All ye doubting thomases, repent. It's really nice.

Barbecue 18: June 28

Hello, barbecue fans! It’s time for… *drumroll* … another barbecue. This one featuring rain! We haven’t done it for a while, so this time we decided upon a good old roast chicken on the barbecue. Doubters, prepare to have your doubts cast asunder.

A parasol in a plastic chair, at an angle. I know - inspired.

Weather

That’s right: rain! I can’t believe I was a little excited about it. It hasn’t rained for the past 17 barbecues, so we used our ingenuity to shield the barbecue from rain whilst allowing it to continue cooking. They don’t call me ‘bearded’ for nothing, you know. Wait, that doesn’t work…

Anyway, the rain wasn’t bad enough that we were forced to give up, but Gemma did insist on eating inside. Oh well. It still counts.

Food

Usually, when we barbecue it’s just a case of “put the coals in the middle, put the food on top”. However, if you’re going to cook a roast chicken, that won’t work. As you might imagine, the heat from underneath would cook the chicken out before the top was even browned – not good. The solution is to have the heat coming from the sides of the barbecue (in barbecuing terminology, this is known as indirect heat cooking). It so happens that if you use a charcoal chimney, it’s much easier to do this. Most Weber barbecues come with guide rails to fit into the charcoal grate, so that you can keep the charcoal pushed to the sides, as shown in this picture. If you don’t have the rails, it’s not that important – just try to make two even piles either side.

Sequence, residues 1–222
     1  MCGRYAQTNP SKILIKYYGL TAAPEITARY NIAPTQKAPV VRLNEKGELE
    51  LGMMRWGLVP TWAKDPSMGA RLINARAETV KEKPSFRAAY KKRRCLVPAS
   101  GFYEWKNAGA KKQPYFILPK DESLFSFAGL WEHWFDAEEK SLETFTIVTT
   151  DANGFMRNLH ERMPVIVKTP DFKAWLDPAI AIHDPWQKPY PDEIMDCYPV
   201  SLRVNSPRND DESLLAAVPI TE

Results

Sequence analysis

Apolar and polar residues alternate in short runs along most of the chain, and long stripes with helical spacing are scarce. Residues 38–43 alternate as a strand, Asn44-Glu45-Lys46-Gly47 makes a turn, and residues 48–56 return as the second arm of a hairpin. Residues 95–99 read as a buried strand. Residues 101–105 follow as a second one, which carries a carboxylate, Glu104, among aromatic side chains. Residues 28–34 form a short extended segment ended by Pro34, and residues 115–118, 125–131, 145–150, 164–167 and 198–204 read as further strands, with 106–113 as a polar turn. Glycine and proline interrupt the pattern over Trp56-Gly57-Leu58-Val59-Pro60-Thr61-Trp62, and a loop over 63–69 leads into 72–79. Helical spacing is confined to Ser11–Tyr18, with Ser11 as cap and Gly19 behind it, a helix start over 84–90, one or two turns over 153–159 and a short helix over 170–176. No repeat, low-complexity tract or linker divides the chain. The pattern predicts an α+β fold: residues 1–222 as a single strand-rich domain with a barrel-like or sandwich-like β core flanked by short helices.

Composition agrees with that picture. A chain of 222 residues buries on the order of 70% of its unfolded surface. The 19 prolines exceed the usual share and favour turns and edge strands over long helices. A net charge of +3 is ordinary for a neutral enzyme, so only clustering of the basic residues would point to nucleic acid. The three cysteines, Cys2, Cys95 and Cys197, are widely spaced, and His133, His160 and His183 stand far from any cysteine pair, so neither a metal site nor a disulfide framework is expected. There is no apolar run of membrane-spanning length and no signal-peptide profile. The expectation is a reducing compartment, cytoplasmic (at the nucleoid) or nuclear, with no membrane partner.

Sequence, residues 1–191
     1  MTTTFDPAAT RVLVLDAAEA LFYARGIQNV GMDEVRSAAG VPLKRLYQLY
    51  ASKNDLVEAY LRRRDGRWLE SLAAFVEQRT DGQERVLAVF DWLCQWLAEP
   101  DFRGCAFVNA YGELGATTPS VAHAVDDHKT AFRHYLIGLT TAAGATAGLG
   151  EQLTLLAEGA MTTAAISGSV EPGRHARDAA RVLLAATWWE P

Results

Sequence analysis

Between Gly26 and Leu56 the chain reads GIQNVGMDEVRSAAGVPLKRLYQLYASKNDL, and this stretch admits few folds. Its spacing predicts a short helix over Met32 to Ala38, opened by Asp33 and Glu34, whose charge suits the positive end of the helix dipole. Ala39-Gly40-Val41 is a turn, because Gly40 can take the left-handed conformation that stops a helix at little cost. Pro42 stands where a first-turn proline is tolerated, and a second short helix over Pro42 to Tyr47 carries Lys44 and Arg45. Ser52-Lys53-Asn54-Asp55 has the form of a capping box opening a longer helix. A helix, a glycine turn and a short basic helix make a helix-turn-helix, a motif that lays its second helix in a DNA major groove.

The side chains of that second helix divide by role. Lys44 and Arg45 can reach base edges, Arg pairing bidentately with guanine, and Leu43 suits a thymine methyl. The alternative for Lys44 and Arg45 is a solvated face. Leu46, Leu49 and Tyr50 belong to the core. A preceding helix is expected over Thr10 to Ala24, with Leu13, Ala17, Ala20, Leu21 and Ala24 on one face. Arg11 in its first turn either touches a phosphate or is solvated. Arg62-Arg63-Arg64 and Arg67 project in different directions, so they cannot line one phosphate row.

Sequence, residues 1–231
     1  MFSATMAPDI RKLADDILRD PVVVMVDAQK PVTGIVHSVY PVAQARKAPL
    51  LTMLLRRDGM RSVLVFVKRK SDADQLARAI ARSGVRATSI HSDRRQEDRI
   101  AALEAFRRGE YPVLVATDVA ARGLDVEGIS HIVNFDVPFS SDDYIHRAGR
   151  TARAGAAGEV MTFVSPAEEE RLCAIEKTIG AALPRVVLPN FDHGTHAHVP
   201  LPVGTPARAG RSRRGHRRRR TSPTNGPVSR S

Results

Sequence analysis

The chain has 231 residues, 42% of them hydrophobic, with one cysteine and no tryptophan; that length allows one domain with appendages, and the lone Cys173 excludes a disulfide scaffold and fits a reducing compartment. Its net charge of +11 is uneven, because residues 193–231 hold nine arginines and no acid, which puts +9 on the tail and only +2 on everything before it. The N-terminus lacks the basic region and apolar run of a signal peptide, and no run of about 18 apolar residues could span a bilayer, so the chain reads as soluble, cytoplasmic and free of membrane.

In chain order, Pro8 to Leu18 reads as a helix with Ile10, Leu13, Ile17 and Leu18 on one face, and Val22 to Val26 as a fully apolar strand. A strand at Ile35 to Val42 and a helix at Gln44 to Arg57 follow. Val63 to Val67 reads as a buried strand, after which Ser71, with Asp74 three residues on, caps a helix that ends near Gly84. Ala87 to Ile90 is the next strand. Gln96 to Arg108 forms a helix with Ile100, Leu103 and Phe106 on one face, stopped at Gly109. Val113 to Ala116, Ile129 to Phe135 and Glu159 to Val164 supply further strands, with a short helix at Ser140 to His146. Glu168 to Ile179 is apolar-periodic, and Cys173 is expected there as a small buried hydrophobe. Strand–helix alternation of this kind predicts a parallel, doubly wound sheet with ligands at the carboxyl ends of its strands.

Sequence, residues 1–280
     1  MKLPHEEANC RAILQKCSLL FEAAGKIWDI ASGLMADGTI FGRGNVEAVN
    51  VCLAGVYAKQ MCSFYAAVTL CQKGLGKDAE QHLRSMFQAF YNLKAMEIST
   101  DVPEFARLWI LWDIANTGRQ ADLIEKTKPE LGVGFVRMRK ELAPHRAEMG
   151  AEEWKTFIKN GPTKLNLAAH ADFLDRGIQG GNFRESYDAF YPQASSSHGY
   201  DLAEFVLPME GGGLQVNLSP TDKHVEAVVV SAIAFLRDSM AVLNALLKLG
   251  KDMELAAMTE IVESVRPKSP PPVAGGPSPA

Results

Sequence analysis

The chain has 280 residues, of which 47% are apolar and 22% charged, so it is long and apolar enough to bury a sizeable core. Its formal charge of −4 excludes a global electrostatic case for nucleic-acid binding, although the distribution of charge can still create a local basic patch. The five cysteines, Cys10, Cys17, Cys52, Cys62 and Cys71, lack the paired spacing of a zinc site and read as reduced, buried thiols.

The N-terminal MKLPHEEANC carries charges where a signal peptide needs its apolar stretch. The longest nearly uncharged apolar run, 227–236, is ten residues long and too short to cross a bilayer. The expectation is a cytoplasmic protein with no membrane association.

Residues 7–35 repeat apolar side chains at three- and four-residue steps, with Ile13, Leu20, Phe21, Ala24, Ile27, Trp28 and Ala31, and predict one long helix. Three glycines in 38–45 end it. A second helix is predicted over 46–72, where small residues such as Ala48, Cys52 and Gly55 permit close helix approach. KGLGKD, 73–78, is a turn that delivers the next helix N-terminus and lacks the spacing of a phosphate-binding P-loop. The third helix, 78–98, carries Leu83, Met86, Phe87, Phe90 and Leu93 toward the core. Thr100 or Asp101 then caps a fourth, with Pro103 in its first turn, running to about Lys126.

All ye doubting thomases, repent. It's really nice.
Put a tray underneath what you’re cooking (the chicken) – this catches the drips, which stops your barbecue going rusty, and you can add flavours to it (wine or beer are good). Alas, I forgot to do this. Oh well, I’ll have to buy a new Weber… :) Right! Chicken on the cooking grate, in the middle of the charcoal. Lid on! This recipe doesn’t work if you don’t have a kettle barbecue that closes – the charcoal generates an oven. In my experience, a 1kg chicken takes about an hour, and comes out very succulent, and smokey flavoured. This time, I stuffed the cavity with 3 crushed garlic cloves, some oregano, thyme and lemon balm, and just seasoned and oiled the outside of the bird.

Towards the last ten minutes of cooking you can put other things directly onto the heat to cook – we did a few burgers. Of course, we didn’t eat this in one go. For dinner that evening was about half a chicken breast and a burger, with some salad. The rest was spread out over the week for packed lunches. Genius.

If you do have a kettle barbecue, I implore you to try this. You won’t regret doing so!

Leave a Reply

Your email address will not be published. Required fields are marked *

You may use these HTML tags and attributes: <a href="" title=""> <abbr title=""> <acronym title=""> <b> <blockquote cite=""> <cite> <code> <del datetime=""> <em> <i> <q cite=""> <s> <strike> <strong>